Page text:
I would need thick oils and a flat knife for slicing the images onto canvas. What I want to convey would be too violent for brushes, I think. It’s not that I want to make somebody else see what I see, but it does need expressing.
The facts are out there and on the ground: tanks and soldiers, thugs, screams, bullets, fear and running, dust and miasma, desolate townscapes, people churning through narrow streets, relying on each other for the audacity to protest. There are diminished lumps on the ground that may have been people.
Someone twittered videos from a candlelight protest in Hama last night. It was stirring to see random small lights in the darkness, flames really, and, finally, to hear the merged voices of the crowd, singing. Someone else tweeted that people were joining in and chanting from inside their homes.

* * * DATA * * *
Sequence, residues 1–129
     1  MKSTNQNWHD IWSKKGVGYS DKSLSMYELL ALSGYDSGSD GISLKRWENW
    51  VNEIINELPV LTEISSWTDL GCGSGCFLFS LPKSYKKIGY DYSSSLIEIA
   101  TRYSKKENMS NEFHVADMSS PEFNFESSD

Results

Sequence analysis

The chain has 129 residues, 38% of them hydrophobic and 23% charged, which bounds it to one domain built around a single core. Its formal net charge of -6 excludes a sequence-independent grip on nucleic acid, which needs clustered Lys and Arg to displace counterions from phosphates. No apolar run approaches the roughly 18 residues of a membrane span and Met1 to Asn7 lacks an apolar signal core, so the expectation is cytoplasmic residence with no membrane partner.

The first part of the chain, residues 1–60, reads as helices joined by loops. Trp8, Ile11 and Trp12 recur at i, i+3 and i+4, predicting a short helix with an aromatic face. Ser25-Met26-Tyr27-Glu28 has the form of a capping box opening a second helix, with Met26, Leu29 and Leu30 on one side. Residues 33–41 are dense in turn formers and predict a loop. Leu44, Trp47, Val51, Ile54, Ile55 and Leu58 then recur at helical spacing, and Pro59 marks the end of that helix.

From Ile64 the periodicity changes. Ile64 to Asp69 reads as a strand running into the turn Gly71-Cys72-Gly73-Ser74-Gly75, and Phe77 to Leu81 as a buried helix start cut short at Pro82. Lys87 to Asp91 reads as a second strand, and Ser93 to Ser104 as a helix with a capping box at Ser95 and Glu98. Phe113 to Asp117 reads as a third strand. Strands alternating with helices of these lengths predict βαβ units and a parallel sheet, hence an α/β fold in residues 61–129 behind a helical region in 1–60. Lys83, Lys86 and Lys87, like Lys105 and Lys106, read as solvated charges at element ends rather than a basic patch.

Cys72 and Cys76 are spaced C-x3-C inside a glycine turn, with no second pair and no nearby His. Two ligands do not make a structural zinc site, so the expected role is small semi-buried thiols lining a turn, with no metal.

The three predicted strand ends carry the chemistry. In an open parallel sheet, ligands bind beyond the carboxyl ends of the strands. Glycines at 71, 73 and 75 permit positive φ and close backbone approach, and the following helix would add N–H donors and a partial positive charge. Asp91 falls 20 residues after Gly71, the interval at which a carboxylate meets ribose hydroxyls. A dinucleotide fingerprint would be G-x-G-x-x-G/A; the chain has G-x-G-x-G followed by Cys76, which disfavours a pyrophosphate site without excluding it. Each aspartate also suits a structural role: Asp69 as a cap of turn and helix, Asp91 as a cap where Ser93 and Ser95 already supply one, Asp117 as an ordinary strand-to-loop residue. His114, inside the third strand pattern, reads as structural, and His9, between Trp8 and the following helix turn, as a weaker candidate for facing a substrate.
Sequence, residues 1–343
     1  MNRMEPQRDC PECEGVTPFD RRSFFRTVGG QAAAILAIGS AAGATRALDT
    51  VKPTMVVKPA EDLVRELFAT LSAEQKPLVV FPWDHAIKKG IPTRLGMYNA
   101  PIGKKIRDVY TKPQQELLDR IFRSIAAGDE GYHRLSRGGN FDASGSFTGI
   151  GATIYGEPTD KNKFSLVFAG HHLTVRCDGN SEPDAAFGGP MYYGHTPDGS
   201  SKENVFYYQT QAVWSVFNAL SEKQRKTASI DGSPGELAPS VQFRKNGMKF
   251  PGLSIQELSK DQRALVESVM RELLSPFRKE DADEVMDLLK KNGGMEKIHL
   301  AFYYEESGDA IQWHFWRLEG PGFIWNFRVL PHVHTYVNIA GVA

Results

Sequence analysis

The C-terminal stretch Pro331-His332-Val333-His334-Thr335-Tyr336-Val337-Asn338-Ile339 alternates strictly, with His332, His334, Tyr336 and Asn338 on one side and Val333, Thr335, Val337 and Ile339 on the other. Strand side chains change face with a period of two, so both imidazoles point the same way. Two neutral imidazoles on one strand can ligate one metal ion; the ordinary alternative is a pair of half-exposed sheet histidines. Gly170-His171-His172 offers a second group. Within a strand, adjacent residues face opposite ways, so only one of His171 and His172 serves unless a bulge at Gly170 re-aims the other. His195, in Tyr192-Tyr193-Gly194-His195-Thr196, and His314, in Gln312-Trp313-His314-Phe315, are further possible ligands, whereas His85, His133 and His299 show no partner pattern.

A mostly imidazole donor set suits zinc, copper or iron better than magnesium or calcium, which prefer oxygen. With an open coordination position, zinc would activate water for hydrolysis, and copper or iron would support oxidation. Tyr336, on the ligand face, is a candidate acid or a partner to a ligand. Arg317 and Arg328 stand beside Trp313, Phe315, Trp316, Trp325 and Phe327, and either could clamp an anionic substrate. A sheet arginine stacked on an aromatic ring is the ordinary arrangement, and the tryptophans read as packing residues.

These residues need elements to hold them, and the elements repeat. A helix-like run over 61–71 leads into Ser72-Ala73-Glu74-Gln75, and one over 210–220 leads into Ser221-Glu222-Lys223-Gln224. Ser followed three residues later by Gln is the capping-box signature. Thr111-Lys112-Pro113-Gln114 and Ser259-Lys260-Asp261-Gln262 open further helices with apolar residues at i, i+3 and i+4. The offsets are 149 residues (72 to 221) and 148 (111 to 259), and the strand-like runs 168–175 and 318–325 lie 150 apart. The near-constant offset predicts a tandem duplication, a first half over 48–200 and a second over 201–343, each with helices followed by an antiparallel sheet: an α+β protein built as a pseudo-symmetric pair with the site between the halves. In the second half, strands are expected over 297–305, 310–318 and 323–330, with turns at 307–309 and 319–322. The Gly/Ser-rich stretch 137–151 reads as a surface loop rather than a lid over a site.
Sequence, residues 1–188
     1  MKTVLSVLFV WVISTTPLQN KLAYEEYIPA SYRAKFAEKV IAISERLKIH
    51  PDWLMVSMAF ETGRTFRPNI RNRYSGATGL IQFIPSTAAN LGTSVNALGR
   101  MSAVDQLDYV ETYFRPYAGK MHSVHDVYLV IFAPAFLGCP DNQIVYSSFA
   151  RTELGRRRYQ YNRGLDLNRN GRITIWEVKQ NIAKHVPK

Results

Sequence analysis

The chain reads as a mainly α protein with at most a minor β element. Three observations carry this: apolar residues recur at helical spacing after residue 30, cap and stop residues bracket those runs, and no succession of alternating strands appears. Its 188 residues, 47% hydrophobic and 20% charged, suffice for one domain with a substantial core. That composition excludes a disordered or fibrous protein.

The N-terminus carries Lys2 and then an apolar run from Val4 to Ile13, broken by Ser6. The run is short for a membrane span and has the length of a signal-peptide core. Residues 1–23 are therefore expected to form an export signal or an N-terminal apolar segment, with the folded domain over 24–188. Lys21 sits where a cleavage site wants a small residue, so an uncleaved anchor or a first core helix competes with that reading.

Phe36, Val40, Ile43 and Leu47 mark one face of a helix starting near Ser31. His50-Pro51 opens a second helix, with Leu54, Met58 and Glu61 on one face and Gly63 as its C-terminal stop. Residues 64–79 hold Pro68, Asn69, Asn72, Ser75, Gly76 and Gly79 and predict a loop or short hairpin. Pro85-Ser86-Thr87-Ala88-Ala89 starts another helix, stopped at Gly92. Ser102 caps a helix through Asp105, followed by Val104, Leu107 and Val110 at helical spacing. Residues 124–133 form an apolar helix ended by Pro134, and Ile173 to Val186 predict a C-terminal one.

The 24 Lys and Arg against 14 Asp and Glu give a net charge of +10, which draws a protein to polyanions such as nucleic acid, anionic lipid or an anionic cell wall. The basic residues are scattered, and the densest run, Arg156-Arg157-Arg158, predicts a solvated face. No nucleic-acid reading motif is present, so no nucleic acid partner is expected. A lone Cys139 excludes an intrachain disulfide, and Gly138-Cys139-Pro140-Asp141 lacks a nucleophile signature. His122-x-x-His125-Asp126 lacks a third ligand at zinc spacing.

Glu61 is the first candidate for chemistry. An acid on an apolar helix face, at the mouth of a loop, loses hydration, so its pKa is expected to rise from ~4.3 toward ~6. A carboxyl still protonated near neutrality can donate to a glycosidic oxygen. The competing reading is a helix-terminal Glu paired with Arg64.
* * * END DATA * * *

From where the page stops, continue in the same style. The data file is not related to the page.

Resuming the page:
Instead, I made this collage. The photographs, unattributed, come from a variety of internet sites, most of them cited by Twitter correspondents. The art at the bottom of the page is, of course, Kathe Köllwitz’s Downtrodden, and came out of her own response to the human devastation of the first World War. It is no mistake that the work invokes a “Pieta,” in fact, is a “Pieta,” because it is the only answer to where God is in this tumult.